From April 13 the corporation tax on profits from approved patents will be 10%. The product you sell can contain minor patented elements to qualify. Have you the opportunity to patent your products
If you earn more than £60,000 you can elect not to receive child benefit. Alternatively it can be deducted in your self assessment return. It is estimated it will bring another 500,000 into self assessment. I assumed we were trying to reduce form filling.
From 7/1/13 households will lose all child benefit if one party earns more than £60,000. It reduced gradually if one party earns more than £50,000. If both members earn less than £50,000 then no reduction applies. Isn’t this somewhat unfair?
The new temporary increase from £25,000 to £250,000 for 100% relief has now kicked in. Are you aware that it is time apportioned. In order to qualify for the full AIA of £250,000 your year would need to start on 1/1/2013. Will it make a difference to your investment plans?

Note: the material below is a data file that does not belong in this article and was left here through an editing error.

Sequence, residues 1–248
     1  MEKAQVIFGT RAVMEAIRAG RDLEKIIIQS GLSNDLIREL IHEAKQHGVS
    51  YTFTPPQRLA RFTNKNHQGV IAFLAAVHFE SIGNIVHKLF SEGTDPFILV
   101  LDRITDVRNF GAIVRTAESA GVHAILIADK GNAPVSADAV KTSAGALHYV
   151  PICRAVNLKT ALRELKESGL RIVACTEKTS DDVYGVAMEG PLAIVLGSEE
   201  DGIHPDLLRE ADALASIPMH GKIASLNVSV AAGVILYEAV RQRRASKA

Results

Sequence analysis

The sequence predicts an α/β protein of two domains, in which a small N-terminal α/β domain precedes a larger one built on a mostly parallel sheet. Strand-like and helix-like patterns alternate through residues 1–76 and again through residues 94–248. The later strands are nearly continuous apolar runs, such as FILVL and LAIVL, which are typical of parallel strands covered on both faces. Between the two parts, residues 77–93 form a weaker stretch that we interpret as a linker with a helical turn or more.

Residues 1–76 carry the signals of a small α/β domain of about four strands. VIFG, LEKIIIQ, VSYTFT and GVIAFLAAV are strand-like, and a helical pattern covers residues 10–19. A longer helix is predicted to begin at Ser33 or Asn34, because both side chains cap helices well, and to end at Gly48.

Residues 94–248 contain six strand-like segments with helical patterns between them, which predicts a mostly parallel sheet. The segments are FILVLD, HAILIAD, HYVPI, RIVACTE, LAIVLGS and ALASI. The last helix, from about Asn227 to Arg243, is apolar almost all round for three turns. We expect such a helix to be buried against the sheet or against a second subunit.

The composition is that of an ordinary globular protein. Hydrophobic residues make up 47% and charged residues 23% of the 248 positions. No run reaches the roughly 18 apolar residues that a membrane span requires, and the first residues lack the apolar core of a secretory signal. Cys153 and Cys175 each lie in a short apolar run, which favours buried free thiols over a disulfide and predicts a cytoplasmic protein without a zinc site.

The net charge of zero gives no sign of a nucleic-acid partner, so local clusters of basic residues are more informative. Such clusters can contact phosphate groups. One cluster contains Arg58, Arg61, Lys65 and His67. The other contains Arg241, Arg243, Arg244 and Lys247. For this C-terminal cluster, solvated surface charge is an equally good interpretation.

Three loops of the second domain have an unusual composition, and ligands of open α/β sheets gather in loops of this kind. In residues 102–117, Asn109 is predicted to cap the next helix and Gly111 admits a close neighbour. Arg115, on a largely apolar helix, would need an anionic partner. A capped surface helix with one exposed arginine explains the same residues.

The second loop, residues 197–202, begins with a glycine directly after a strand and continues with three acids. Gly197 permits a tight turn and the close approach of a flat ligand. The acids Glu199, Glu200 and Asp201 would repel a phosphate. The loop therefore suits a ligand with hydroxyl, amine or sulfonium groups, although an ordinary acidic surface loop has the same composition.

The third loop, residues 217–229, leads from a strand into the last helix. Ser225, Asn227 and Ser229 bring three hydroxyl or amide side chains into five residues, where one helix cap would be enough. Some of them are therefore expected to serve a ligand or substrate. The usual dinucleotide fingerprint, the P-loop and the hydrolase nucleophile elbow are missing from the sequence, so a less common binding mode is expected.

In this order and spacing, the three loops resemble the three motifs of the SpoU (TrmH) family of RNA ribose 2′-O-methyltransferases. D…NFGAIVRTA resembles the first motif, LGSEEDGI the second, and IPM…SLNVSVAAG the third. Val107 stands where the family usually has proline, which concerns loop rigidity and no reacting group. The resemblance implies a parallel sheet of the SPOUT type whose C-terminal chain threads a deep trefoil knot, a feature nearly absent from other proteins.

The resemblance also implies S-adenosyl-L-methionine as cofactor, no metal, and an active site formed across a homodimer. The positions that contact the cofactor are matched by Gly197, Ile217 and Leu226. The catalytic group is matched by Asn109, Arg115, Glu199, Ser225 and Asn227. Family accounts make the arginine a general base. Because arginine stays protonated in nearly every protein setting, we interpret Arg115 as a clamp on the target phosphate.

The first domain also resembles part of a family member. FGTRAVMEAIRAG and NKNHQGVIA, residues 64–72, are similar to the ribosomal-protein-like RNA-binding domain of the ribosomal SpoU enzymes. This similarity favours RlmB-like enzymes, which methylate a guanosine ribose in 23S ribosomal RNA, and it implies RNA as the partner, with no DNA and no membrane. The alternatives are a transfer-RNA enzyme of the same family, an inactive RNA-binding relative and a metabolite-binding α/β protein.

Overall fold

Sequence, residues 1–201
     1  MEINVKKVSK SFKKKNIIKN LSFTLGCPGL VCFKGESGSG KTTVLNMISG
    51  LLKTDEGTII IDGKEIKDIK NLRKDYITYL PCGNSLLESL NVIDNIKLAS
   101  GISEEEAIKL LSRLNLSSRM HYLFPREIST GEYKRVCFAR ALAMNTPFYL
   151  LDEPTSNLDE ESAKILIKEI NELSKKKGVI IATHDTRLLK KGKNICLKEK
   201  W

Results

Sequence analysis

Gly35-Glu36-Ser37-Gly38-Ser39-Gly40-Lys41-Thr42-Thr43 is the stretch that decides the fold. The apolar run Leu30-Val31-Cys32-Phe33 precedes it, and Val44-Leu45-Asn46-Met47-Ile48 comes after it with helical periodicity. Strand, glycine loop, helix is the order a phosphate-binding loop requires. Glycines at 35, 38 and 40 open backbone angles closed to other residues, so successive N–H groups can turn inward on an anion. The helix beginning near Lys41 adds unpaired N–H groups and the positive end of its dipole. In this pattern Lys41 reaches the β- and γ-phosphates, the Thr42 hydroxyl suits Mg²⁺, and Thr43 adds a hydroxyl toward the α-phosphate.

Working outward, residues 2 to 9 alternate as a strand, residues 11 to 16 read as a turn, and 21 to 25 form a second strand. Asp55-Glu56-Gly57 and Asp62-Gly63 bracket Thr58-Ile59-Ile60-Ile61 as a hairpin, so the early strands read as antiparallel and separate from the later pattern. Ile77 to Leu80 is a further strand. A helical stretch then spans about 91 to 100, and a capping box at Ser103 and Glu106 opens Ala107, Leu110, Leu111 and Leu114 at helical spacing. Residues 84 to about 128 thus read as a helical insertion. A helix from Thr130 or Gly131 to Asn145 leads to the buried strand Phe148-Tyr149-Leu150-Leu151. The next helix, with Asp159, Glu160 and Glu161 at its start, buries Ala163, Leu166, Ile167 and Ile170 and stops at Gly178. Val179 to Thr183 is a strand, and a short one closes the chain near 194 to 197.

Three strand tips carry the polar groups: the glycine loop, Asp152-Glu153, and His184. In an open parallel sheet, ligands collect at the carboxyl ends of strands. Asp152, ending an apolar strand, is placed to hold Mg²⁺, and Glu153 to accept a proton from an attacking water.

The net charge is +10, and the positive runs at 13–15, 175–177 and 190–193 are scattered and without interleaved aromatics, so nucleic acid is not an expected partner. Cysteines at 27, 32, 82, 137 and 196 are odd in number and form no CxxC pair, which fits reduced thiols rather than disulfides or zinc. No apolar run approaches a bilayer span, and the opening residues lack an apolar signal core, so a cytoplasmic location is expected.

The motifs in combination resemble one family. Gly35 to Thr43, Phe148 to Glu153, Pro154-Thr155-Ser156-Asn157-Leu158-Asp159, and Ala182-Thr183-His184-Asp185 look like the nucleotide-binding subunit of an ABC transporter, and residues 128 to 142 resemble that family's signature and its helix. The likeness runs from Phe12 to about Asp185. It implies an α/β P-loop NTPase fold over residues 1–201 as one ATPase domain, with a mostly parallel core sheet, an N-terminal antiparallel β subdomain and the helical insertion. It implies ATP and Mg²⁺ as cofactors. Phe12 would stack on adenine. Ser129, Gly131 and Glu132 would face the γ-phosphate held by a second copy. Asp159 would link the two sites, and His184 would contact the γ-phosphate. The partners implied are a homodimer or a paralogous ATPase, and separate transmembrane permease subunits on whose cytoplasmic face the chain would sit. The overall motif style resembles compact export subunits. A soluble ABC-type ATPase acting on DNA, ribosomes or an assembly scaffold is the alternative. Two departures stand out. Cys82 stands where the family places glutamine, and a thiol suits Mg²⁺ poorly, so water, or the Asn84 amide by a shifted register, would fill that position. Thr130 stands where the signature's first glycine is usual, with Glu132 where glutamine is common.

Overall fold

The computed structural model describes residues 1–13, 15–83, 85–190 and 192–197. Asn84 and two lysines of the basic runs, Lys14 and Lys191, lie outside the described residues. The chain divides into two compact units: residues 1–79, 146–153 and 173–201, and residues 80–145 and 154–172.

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That’s more than 2000 Britons reaping the benefit of assets & connections in Britain but escaping the taxes the rest of us pay. They must declare a “definitive break” with Britain but must be able to afford the circa £1/4m it takes to open a bank account and break into the most expensive property market in the world.
Politicians drone on about the morality of tax avoidance. These politicians still haven’t changed the rules – should they adopt a policy as in the US where tax is paid unless citizenship is surrendered? These “offenders” control over 1300 UK companies – Sir Phillip Green is a prominent example. Do these wealthy elite contribute to the UK economy by creating jobs, pensions and paying corporation tax at source? Are they entitled to avoid tax because they are not a burden on UK services?
This truly demonstrates that if we lowered our taxes in this country we would increase the tax take. Wealthy individuals would not then have to go to extraordinary lengths to keep their fair share of income generated.
Why can we not explain why the number of people in work in the UK has risen by 200000 in the 3 months to June but the economy is supposed to have shrunk by .7%?